9 Fascinating Non-Fiction Books About History

By
Wed, 7 Nov 2018

Whether you're an avid scholar or just a curious person with a love of non-fiction, reading books about history can be an entertaining and worthwhile hobby. Learning about great leaders, ancient civilizations, or even the recent past can give you new perspective and make you better equipped to face the present and future. When you click links from this website, we may receive advertising revenue to support our research. This video was made with Ezvid Wikimaker.

9 Fascinating Non-Fiction Books About History

Title Author(s) Subject More by the Author
1. American Ulysses Ronald C. White Jr. President Ulysses S. Grant A. Lincoln
2. Queen Victoria's Mysterious Daughter Lucinda Hawksley Princess Louise Bitten by Witch Fever
3. Five Presidents Clint Hill & Lisa McCubbin Presidents Eisenhower, Kennedy, Johnson, Nixon, & Ford Mrs. Kennedy and Me
4. Now the Hell Will Start Brendan I. Koerner The greatest manhunt of World War II The Skies Belong to Us
5. The Players Ball David Kushner The rise of the Internet Masters of Doom
6. Skeletons on the Zahara Dean King 12 American solders surviving the Sahara The Feud
7. Empire of Blue Water Stephan Talty Sir Henry Morgan Agent Garbo
8. The Woman Who Smashed Codes Jason Fagone WWII codebreaker Elizebeth Smith Friedman Ingenious
9. Without Precedent Tim Marshall Chief Justice John Marshall Unlikely Allies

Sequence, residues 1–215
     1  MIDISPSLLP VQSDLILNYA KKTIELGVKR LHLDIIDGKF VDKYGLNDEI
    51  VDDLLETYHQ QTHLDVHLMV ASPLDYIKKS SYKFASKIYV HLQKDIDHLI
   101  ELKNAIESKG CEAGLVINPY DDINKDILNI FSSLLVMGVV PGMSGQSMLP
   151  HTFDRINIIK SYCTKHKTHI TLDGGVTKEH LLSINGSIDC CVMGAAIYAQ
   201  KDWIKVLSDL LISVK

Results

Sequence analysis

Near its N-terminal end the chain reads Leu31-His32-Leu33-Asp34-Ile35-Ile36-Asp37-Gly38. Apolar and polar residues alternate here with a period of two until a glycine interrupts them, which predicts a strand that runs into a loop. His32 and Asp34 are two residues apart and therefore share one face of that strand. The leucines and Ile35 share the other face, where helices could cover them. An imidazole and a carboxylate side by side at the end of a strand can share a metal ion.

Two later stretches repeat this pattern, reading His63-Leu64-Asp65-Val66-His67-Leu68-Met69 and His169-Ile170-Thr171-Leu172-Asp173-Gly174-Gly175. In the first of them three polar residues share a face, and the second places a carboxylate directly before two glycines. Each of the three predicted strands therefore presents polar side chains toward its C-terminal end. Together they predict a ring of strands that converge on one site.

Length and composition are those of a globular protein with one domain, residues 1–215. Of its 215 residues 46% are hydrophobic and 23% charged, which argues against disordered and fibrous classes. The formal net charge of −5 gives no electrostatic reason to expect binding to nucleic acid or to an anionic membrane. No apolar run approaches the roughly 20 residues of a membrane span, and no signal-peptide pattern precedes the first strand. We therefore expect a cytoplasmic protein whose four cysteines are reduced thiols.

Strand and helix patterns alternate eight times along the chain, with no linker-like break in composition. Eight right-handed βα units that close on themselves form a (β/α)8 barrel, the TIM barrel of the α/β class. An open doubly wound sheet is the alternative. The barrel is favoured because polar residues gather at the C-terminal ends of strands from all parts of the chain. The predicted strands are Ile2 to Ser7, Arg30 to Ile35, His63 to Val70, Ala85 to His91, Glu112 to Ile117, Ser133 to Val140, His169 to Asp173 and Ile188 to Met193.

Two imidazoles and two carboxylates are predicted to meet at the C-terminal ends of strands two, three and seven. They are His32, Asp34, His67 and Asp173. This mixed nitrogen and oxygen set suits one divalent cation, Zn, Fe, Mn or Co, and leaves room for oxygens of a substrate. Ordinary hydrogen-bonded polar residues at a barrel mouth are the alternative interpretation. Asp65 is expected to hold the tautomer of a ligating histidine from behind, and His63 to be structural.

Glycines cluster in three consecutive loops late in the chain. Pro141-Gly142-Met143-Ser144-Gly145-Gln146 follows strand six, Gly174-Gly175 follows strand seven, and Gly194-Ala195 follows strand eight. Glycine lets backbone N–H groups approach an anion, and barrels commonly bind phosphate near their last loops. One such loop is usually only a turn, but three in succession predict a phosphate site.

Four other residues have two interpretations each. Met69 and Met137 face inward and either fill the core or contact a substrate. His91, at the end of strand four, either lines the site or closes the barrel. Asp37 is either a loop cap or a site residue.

5 Fantastic Historical Films

  1. Ben-Hur
  2. Lincoln
  3. The Sound of Music
  4. The King's Speech
  5. The Last of the Mohicans

Why Is History Important?

In Depth

Reading historical accounts takes us back to some of the most significant moments in time. Not only can it teach us the origin of our culture, but it can also make us understand our society's present situation, allowing us to be prepared for humanity's future endeavors. From political biographies to tales of the internet's early days, here are nine fascinating non-fiction books about history, listed in no particular order.

At #1 is "American Ulysses." Ronald C. White gives us an in-depth look at the life of Ulysses S. Grant, focusing on his political achievements, and his character as a general, businessman, and family man. With historical maps and illustrations, the narrative shows how America's 18th president defended equal rights for African-Americans, and fought against the unjust government policies towards Native Americans. White also details how Grant's alcohol problem affected his presidency, displaying unbiased information about his career and personal life.

At #2 is "Queen Victoria's Mysterious Daughter." After researching Princess Louise's life, Lucinda Hawksley was compelled to write about the sixth child of Queen Victoria, addressing the rumors that made archivists lock her records away. Desperate to escape her mother's controlling nature, Princess Louise led a life of mystery and rebellion. She pursued a career in the arts, and was the first British princess to attend a public school and marry a commoner. The book also details her love affairs, and the speculations of having an illegitimate son.

After researching Princess Louise's life, Lucinda Hawksley was compelled to write about the sixth child of Queen Victoria, addressing the rumors that made archivists lock her records away.

Next, at #3 is "Five Presidents." Former Secret Service Agent Clint Hill chronicles his seventeen years of service protecting five U.S. presidents: Dwight Eisenhower, John F. Kennedy, Lyndon B. Johnson, Richard Nixon, and Gerald Ford. Written with Lisa McCubbin, the book presents a unique insider's view of these administrations as Hill humanizes each leader, bringing to life their personalities, beliefs, and passions.

With details of some of the most pivotal moments of the 20th century like the Cold War and assassination of John F. Kennedy, the narrative weaves history with Hill's informative insights.